February is Low Vision Awareness Month, a crucial time to shine a light on this growing concern. Over 2 million Americans over the age of 50 have age-related macular degeneration, which significantly impacts daily life.
In this post, we will uncover the term low vision, the risk factors related to low vision, and how you can protect your eyesight.
What is low vision?
Low vision is an eye condition that cannot be cured by medical, surgical, or corrective lens treatment. People affected with low vision often experience discomfort in their day-to-day life. These may include reading, reading, writing, cooking, watching TV, or recognizing faces.
Conditions cause low vision
Many different eye conditions can cause low vision, but the most common causes are:
Age-related macular degeneration (AMD): This disease damages the macula, the part of the eye responsible for central vision. AMD is the leading cause of vision loss in people over 50.
Cataracts: A cataract is a clouding of the lens of the eye. Cataracts eye disease are common in older adults, but they can also occur in younger people due to injury, diabetes, or other medical conditions
Diabetic retinopathy: This is a complication of diabetes that damages the blood vessels in the retina, the light-sensitive tissue at the back of the eye. Diabetic retinopathy is the leading cause of vision loss in people with diabetes.
Glaucoma: This is a group of eye diseases that damage the optic nerve, which carries signals from the eye to the brain. Glaucoma is often linked to high pressure inside the eye.
Other less common causes of low vision include:
Corneal diseases: These are diseases that affect the cornea, the clear outer layer of the eye.
Retinal diseases: These are diseases that affect the retina, the light-sensitive tissue at the back of the eye.
Optic nerve diseases: These are diseases that affect the optic nerve, which carries signals from the eye to the brain.
Brain injuries: Injuries to the brain can damage the parts of the brain that are responsible for vision.
Reducing The Risk Of Low Vision
Maintain a healthy lifestyle:
Eat a healthy diet that includes plenty of fruits, vegetables, and whole grains in your diet. These foods are rich in antioxidants and other nutrients that can help protect your eyes from damage.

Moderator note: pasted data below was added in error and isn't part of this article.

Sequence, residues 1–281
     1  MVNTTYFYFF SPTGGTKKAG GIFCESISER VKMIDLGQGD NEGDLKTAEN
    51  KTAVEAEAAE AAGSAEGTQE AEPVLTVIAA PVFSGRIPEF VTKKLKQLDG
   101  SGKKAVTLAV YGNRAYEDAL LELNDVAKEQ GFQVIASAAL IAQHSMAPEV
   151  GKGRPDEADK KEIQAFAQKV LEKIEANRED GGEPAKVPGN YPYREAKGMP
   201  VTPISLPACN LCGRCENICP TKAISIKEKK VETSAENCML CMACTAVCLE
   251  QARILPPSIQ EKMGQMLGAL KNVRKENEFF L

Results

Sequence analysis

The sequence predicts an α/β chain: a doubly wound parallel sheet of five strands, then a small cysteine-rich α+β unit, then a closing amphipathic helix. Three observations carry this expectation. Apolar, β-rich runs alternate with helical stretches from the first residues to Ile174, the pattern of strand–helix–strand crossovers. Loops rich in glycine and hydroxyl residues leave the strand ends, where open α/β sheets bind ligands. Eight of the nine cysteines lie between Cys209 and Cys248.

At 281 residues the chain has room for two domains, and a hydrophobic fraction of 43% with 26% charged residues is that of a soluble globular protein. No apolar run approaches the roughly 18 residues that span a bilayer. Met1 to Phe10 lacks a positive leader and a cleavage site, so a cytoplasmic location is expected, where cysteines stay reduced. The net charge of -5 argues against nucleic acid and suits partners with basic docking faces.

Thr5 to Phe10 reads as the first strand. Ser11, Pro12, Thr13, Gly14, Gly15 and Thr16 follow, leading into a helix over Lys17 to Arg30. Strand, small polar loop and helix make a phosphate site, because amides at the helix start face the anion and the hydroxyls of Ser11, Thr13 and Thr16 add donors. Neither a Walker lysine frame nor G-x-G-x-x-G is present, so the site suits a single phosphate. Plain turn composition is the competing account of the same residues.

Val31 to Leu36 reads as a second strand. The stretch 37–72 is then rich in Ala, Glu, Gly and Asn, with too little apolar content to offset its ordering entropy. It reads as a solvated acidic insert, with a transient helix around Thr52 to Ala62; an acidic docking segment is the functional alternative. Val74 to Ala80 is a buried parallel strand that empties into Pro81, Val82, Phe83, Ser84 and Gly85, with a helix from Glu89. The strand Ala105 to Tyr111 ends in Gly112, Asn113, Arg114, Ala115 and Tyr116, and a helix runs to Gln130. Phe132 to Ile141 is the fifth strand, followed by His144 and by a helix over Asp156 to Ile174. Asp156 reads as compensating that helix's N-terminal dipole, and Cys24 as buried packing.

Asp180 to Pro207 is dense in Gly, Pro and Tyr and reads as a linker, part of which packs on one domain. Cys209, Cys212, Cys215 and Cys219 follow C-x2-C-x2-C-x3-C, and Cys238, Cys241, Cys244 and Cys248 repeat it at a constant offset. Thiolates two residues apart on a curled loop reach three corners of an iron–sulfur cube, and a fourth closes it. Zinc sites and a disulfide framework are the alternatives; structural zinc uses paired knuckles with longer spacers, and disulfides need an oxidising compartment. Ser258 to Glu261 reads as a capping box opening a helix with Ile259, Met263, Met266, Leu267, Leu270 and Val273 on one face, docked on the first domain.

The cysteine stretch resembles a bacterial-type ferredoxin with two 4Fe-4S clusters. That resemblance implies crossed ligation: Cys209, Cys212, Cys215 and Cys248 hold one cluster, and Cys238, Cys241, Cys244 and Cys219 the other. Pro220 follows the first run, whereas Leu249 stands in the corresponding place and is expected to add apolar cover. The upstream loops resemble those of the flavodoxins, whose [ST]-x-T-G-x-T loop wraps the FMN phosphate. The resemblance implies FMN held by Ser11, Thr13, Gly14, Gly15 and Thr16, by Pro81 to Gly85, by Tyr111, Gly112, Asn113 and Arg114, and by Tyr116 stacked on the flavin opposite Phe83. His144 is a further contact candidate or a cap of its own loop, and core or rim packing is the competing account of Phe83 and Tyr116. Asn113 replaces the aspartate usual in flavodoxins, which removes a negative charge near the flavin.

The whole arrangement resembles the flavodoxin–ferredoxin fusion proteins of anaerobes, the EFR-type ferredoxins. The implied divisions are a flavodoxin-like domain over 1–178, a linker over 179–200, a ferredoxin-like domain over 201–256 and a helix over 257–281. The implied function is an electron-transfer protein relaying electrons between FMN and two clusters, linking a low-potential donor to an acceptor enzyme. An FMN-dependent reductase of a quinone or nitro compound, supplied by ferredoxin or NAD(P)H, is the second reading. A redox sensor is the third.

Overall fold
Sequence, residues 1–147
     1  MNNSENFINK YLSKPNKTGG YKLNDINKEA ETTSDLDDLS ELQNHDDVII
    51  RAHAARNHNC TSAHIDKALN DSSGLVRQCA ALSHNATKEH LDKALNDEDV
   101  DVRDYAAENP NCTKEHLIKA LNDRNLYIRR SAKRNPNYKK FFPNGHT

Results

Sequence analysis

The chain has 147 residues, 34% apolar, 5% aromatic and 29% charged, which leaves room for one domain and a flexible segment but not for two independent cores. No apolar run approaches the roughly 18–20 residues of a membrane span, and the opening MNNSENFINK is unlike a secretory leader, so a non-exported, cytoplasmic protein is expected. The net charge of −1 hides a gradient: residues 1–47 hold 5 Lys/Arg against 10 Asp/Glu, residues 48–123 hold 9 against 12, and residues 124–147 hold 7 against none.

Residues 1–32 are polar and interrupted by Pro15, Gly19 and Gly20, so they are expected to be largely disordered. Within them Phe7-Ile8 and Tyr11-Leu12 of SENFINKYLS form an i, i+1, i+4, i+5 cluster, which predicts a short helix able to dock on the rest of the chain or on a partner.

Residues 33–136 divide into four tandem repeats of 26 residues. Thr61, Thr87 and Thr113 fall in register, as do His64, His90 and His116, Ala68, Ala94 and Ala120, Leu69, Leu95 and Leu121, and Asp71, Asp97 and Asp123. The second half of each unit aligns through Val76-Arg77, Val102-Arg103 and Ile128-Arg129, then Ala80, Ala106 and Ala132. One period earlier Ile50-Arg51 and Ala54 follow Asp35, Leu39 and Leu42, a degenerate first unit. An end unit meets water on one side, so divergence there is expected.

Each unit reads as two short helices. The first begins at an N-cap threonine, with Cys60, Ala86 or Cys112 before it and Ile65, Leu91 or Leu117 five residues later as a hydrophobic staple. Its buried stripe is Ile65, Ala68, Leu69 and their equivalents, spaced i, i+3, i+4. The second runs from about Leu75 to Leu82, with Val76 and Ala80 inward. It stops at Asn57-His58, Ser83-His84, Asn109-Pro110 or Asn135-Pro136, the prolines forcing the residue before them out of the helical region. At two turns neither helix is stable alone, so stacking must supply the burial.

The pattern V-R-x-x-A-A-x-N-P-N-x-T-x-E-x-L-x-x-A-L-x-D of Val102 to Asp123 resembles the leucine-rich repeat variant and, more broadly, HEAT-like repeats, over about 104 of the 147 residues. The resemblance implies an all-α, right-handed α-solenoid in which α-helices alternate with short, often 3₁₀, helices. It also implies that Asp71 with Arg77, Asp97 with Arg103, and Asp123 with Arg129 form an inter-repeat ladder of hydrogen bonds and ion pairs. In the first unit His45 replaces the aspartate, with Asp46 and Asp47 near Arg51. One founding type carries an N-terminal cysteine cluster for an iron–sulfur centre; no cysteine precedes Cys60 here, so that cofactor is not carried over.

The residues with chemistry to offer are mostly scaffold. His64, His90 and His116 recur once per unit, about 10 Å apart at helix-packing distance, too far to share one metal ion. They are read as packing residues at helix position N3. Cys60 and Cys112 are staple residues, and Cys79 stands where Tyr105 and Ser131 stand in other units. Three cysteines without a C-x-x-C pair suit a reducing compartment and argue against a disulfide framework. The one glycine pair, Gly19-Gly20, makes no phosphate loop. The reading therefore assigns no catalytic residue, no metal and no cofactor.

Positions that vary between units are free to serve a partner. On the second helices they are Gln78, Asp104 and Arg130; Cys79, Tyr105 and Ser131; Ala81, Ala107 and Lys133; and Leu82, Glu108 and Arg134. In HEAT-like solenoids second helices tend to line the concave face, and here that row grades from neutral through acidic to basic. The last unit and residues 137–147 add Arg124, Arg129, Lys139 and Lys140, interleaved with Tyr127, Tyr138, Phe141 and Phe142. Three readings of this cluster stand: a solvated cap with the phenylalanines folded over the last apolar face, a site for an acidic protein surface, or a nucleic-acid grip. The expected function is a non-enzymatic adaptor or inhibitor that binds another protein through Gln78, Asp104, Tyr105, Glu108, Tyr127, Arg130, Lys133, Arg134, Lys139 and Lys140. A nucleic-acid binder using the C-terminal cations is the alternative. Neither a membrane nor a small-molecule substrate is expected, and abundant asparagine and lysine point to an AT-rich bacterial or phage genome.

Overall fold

Wear a hat with a brim when spending time outdoors.
Get regular eye exams:
Adults should have a comprehensive eye exam every two years, or more often if they have a family history of eye disease or other risk factors
Children should have their first eye exam at around 3 years old, and then again before they start school
- Use proper lighting when reading or doing other close-up work.
- Take breaks from computer screens and other digital devices.
- Use eye drops if your eyes feel dry or irritated.
- Be aware of your family's eye health history and talk to your doctor about any concerns you have.
What is a low-vision specialist?
A low-vision specialist is a healthcare professional trained to assist individuals with vision impairment that cannot be fully corrected with standard glasses, contact lenses, or medical/surgical treatments. Their primary aim is to maximize a person's remaining vision and improve their quality of life despite visual limitations.
Who are they?
Typically, licensed optometrists or ophthalmologists have undergone additional training and certification in low-vision rehabilitation.
In some cases, university-trained professionals with specialized knowledge in low vision and assistive devices.
What do they do?
Conduct comprehensive low vision evaluations, which are different from standard eye exams, focusing on specific functional challenges and remaining vision potential
Prescribe and train individuals on how to use various low-vision devices like magnifiers, telescopes, electronic video magnifiers, and specialized lighting.
Recommend non-optical strategies to improve daily tasks, like utilizing technology, adopting specific reading techniques, or modifying the environment for better navigation
Offer counseling and support to help individuals adjust to vision loss and maintain independence.
Collaborate with other healthcare professionals like occupational therapists or rehabilitation specialists to provide a holistic approach to vision rehabilitation.
Who can benefit from seeing a low-vision specialist?
- Anyone with low vision (20/70 or worse) that cannot be fully corrected with standard methods.
- Individuals experience vision loss due to various conditions like age-related macular degeneration, cataracts, diabetic retinopathy, glaucoma, corneal diseases, etc.
- People who struggle with daily activities due to vision limitations, including reading, writing, cooking, mobility, etc.
Remember, consulting a low-vision specialist can significantly enhance the lives of individuals with vision impairment by helping them optimize their remaining vision, regain independence, and participate more fully in daily activities.
If you feel any symptoms related to the eye, book an appointment at Elite Eye Care.